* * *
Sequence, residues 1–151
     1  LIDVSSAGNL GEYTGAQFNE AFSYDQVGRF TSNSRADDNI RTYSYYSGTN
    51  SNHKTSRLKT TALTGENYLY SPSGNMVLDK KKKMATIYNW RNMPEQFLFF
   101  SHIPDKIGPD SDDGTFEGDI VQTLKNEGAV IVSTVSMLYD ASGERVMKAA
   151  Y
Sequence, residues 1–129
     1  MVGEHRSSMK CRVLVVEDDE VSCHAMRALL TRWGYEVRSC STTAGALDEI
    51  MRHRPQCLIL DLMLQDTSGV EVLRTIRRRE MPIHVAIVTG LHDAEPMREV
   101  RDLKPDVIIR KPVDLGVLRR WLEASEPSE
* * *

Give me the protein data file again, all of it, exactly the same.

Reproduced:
Sequence, residues 1–151
     1  LIDVSSAGNL GEYTGAQFNE AFSYDQVGRF TSNSRADDNI RTYSYYSGTN
    51  SNHKTSRLKT TALTGENYLY SPSGNMVLDK KKKMATIYNW RNMPEQFLFF
   101  SHIPDKIGPD SDDGTFEGDI VQTLKNEGAV IVSTVSMLYD ASGERVMKAA
   151  Y
Sequence, residues 1–129
     1  MVGEHRSSMK CRVLVVEDDE VSCHAMRALL TRWGYEVRSC STTAGALDEI
    51  MRHRPQCLIL DLMLQDTSGV EVLRTIRRRE MPIHVAIVTG LHDAEPMREV
   101  RDLKPDVIIR KPVDLGVLRR WLEASEPSE